What is ConZip?
- ConZip is a strong prescription pain medicine that contains an opioid (narcotic) that is used to manage pain severe enough to require daily around-the-clock, long-term treatment with an opioid, when other pain treatments such as non-opioid pain medicines or immediate-release opioid medicines do not treat your pain well enough or you cannot tolerate them.
- A long-acting (extended-release) opioid pain medicine that can put you at risk for overdose and death. Even if you take your dose correctly as prescribed you are at risk for opioid addiction, abuse, and misuse that can lead to death.
- Not for use to treat pain that is not around-the-clock.
What is the most important information I should know about ConZip?
- Get emergency help right away if you take too much ConZip (overdose). When you first start taking ConZip, when your dose is changed, or if you take too much (overdose), serious or life-threatening breathing problems that can lead to death may occur.
- Taking ConZip with other opioid medicines, benzodiazepines, alcohol, or other central nervous system depressants (including street drugs) can cause severe drowsiness, decreased awareness, breathing problems, coma, and death.
- Never give anyone else your ConZip. They could die from taking it. Selling or giving away CONZIP is against the law.
- Store ConZip securely, out of sight and reach of children, and in a location not accessible by others, including visitors to the home.
Important Information Guiding Use in Pediatric Patients:
- Do not give ConZip to a child younger than 12 years of age.
- Do not give ConZip to a child younger than 18 years of age after surgery to remove the tonsils and/or adenoids.
- Avoid giving ConZip to children between 12 to 18 years of age who have risk factors for breathing problems such as obstructive sleep apnea, obesity, or underlying lung problems.
Who should not take ConZip?
Do not take ConZip if you have:
- severe asthma, trouble breathing, or other lung problems.
- a bowel blockage or have narrowing of the stomach or intestines.
What should I tell my healthcare provider before taking ConZip?
Before taking ConZip, tell your healthcare provider if you have a history of:
- head injury, seizures
- problems urinating
- liver, kidney, thyroid problems
- pancreas or gallbladder problems
- abuse of street or prescription drugs, alcohol addiction, or mental health problems.
Tell your healthcare provider if you are:
- pregnant or planning to become pregnant. Prolonged use of ConZip during pregnancy can cause withdrawal symptoms in your newborn baby that could be life-threatening if not recognized and treated.
- breastfeeding. Not recommended; it may harm your baby.
- taking prescription or over-the-counter medicines, vitamins, or herbal supplements. Taking ConZip with certain other medicines can cause serious side effects that could lead to death.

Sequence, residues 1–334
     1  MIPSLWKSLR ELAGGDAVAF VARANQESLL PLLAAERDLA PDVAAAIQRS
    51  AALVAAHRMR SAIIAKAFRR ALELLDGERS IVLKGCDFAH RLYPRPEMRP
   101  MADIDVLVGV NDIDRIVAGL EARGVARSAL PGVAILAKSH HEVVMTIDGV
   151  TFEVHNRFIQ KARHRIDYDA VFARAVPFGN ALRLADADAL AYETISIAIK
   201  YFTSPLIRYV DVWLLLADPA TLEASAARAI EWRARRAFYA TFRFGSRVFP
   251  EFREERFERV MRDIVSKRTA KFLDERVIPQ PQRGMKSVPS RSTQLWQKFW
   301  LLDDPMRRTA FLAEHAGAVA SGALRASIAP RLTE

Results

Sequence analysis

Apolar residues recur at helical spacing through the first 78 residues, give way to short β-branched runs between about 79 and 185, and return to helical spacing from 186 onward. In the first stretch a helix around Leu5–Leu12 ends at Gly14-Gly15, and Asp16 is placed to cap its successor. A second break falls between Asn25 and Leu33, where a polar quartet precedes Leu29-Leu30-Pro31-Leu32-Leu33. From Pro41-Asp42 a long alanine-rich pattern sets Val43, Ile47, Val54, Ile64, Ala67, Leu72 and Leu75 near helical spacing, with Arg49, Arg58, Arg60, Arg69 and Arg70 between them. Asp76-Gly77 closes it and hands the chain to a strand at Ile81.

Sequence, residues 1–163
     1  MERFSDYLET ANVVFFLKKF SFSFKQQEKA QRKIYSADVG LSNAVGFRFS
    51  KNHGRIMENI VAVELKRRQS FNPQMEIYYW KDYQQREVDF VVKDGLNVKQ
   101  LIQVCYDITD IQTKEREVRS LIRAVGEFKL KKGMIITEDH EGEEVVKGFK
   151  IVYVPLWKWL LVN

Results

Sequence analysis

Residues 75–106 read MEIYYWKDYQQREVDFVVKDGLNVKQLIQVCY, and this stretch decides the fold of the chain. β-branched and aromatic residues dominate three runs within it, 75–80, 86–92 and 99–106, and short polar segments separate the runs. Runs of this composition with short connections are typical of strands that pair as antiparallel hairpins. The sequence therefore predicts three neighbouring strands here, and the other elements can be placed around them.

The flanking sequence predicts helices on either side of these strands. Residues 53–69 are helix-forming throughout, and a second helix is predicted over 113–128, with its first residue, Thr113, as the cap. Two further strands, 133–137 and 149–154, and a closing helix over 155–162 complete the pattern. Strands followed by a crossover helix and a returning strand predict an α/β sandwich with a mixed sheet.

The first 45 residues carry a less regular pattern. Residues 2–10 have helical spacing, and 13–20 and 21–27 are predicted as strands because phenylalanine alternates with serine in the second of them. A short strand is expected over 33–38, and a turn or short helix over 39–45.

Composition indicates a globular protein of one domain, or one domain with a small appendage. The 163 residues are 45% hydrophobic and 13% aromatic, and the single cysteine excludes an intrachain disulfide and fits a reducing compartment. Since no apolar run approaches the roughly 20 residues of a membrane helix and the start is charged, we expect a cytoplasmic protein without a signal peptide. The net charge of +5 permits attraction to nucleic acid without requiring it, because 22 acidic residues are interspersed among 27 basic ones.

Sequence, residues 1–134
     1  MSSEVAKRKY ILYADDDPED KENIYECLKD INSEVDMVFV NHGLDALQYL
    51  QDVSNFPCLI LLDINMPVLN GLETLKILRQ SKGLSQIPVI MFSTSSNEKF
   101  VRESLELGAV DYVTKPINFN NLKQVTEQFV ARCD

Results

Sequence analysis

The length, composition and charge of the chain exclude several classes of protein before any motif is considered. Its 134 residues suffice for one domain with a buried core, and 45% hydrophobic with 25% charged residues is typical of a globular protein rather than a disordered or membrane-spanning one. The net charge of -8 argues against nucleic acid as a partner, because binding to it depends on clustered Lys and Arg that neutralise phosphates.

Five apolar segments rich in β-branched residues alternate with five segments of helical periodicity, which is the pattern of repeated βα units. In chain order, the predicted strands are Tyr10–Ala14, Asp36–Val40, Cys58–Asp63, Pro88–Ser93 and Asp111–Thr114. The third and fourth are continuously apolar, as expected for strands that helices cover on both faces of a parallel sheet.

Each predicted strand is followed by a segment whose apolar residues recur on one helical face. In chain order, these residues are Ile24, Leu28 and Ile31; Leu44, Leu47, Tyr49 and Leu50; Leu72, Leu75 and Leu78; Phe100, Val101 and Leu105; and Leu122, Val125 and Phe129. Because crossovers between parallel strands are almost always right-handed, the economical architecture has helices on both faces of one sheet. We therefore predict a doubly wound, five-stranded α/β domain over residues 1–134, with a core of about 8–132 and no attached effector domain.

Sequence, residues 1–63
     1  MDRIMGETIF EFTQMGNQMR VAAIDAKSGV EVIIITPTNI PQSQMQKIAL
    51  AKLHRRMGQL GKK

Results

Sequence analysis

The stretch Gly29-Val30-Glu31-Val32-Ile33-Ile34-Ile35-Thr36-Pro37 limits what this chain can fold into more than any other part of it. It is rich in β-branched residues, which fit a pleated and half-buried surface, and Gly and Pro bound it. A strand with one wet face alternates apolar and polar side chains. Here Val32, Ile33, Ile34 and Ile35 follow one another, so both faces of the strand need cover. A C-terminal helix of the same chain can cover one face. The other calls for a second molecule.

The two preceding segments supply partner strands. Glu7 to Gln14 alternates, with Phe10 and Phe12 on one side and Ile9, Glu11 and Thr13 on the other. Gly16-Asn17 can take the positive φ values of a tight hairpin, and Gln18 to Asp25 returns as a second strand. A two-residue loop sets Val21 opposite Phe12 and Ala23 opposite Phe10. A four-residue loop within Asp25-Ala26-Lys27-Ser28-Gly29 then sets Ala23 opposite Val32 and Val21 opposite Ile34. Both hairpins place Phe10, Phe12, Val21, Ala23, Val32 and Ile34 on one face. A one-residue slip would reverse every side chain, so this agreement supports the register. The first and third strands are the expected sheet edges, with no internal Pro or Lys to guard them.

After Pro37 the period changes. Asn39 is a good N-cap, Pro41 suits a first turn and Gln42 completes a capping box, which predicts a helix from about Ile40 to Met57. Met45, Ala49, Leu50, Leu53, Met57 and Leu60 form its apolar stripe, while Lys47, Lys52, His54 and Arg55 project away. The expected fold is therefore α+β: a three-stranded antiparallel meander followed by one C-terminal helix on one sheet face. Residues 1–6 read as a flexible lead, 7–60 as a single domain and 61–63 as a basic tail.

How should I take ConZip?
When taking ConZip:
- Do not change your dose. Take ConZip exactly as prescribed by your healthcare provider. Use the lowest dose possible for the shortest time needed.
- Take your prescribed dose once a day at the same time every day. Do not take more than your prescribed dose. If you miss a dose, take your next dose at your usual time.
- Swallow ConZip whole. Do not split, break, chew, crush, dissolve, snort, or inject ConZip because this may cause you to overdose and die.
- Call your healthcare provider if the dose you are taking does not control your pain.
- Do not stop taking ConZip without talking to your healthcare provider.
- Dispose of expired, unwanted, or unused ConZip by taking your drug to an authorized DEA-registered collector or drug take-back program. If one is not available, you can dispose of ConZip by mixing the product with dirt, cat litter, or coffee grounds; placing the mixture in a sealed plastic bag and throwing the bag in your trash.
What should I avoid while taking ConZip?
While taking ConZip DO NOT:
- Drive or operate heavy machinery, until you know how ConZip affects you. ConZip can make you sleepy, dizzy, or lightheaded.
- Drink alcohol or use prescription or over-the-counter medicines that contain alcohol. Using products containing alcohol during treatment with ConZip may cause you to overdose and die.
What are the possible side effects of ConZip?
The possible side effects of ConZip:
- constipation, nausea, sleepiness, vomiting, tiredness, headache, dizziness, abdominal pain, seizure.
Call your healthcare provider if you have any of these symptoms and they are severe.
Get emergency medical help if you have:
- trouble breathing, shortness of breath, fast heartbeat, chest pain, swelling of your face, tongue, or throat, extreme drowsiness, light-headedness when changing positions, feeling faint, agitation, high body temperature, trouble walking, stiff muscles, or mental changes such as confusion.
These are not all the possible side effects of ConZip. Call your doctor for medical advice about side effects. You may report side effects to Vertical Pharmaceuticals, LLC at (877) 958-3784 or FDA at 1-800-FDA-1088.
How should I store ConZip?
Store at 20°C to 25°C (68°F to 77°F); excursions permitted to 15°C to 30°C (59°F to 86°F) [see USP Controlled Room Temperature].
Keep out of reach of children.
Store ConZip securely and dispose of properly
What are the ingredients in ConZip?
Active ingredient: tramadol hydrochloride 100 mg
Inactive ingredients: gelatin, titanium dioxide, shellac, FD&C blue no. 2, lactos, starch, corn, magnesium stearate, hypromellose 2910 (6 mpa.s), talc, polysorbate 80, ethyl acrylate and methyl methacrylate copolymer.